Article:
There is a ton of free-play and the teachers pay close attention to the child's academic abilities and make sure to foster them.
How Do the Classroom Setups of Montessori-Like Schools Look?
Even at higher levels, Montessori classrooms can look a bit elementary. If you attended a public school environment, you might remember that there was a significant change going from primary to middle school.
Traditionally, elementary classroom settings go from highly interactive spaces with nooks for reading, art, creativity, and exploration and in middle school transition into sterile areas filled with desks and chairs all facing one way.
Montessori-like schools offer learning areas and hands-on activities at various levels, so there will continue to be stations, colors, and interactive exhibits, even with older students. Students also learn life skills, such as taking care of the classroom.
Duties, like watering plants, cleaning up messes, and putting away activity centers, falls on the shoulders of the children. Doing this teaches them to respect their belongings and the property of others.
The bonus for parents is that this often translates to cleaner rooms and more helpful children at home.
What Role Do Others Play in Self-Guided Learning?
When entering a Montessori-like classroom, you will see a mix of age groups within one space instead of having single grade settings. This mixing allows students to learn at their own pace while relying on guidance from teachers and older classmates.
Instead of a student feeling inadequate because they don’t learn as fast, they can pace themselves while being encouraged by their peer group. It’s a model of positivity to reinforce learning paces and styles.
Teachers are there to guide and facilitate each child’s learning experience as students discover things on their own. Of course, educators also create plans and assess the students in their activities, but the teacher’s role is one of mentoring through gentle guidance.
How Do Students Interact with Each Other?
Cliques and awkward social situations can impact the lives of kids in school, no doubt. With grade-centric learning, there is the problem of a teacher having to cater to the middle student, which in essence bores the quick learners and leaves behind the slower ones.
This model can lead to comparison. Just because someone doesn’t catch on to arithmetic quickly, doesn’t mean that they won’t author a best seller one day.
In Montessori-like schools, students can pace themselves, enabling them to spend more time on things that confuse them while being able to breeze through subject matter that comes to them more quickly.
This system also highlights strengths and doesn’t draw attention to weaknesses that may make a student feel self-conscious.
Frequently, a child is with the same group of students from the time they enter school until they graduate, which also fosters relationship-building.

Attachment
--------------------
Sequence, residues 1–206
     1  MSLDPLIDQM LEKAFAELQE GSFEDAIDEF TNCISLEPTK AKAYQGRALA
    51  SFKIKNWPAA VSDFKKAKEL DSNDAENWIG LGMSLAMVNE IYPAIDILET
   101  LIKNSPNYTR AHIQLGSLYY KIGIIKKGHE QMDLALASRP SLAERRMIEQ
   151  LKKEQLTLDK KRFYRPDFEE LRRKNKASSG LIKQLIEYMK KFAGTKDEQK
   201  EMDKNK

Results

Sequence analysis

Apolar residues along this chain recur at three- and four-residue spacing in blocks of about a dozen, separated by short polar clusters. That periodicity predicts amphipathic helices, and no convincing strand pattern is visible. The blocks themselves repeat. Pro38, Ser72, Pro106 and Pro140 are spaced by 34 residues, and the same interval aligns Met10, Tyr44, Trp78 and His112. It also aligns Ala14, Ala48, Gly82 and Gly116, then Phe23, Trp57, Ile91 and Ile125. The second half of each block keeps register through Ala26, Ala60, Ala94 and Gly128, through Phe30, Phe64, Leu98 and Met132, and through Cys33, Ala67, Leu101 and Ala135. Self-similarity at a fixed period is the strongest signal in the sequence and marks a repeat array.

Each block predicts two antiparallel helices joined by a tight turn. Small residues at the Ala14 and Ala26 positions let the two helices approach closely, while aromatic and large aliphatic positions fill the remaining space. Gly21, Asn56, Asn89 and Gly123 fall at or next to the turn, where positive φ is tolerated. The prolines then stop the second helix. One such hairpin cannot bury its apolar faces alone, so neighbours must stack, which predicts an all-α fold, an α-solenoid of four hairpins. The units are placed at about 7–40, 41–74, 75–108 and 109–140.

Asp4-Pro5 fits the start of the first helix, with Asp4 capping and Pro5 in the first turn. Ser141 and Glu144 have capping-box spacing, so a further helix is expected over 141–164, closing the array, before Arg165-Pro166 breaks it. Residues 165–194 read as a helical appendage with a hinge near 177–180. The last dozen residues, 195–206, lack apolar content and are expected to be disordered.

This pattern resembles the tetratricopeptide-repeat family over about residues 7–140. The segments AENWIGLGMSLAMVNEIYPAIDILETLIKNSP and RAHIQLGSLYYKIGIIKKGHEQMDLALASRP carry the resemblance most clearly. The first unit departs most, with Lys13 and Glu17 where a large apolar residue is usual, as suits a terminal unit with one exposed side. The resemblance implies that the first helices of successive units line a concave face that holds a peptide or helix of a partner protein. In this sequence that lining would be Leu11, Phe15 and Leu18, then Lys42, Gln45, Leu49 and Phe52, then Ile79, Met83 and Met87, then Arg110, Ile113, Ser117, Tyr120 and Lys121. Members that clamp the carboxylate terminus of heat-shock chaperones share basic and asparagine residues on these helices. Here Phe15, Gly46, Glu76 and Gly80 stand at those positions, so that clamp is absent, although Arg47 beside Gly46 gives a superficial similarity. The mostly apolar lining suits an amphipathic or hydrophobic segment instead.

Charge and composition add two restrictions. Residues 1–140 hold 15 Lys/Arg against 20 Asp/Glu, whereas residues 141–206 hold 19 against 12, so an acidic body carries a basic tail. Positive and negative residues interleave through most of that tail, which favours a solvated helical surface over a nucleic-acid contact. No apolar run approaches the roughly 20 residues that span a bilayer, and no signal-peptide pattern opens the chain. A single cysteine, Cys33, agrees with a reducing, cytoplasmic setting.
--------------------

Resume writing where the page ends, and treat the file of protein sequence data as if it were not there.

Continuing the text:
As far as student interactions, children learn to try and work things out themselves. Instead of running to the teacher with every issue, students work to amicably settle conflicts by using their critical thinking skills, which expresses regard for the individuals.
Just because someone has a different opinion or wants to play with a toy at the same time, doesn’t mean that the situation needs to escalate. Students are encouraged to pause and take a moment to find solutions if a conflict arises.
Are Students Disciplined?
Within the scope of learning, the Montessori-like schools incorporate respect into their mantra. It is one of the main principles.
Honor is also considered when a child needs discipline. There is an atmosphere of positivity, where practical guidance is firm, yet it is peppered with kindness and shows respect to both the student and teacher.
For example, say a child is acting out in class. Instead of merely correcting the disruptive behavior, Montessori-like schools involve the heart and thought processes of the student.
Children learn not just that their actions are wrong but why they are incorrect and how it is impacting others. There is an emphasis on doing what is right because it’s the correct thing to do and not just to avoid discipline.
This alternative thinking creates responsible adults who are accountable for their actions and seek to amend them if need be.
Does Montessori Stop at the End of the School Day?
If you are interested in Montessori-like schools, you may already be practicing some of its disciplines at home. Having children take responsibility for their actions goes a long way.
As far as hands-on activities, they can do small tasks while you are cooking or help with yard work. Don’t be afraid to get them involved in daily tasks that are age-appropriate.
Essentially, Montessori is a lifestyle, which is beneficial to the students, their parents, and the household. Conflict resolution, critical thinking skills, and a positive attitude all go a long way in life beyond the classroom.
The end goal is to rear a confident adult who contributes to society while showing respect to others. The methods of Montessori-like schools dovetail beautifully with what parents are trying to accomplish at home and beyond.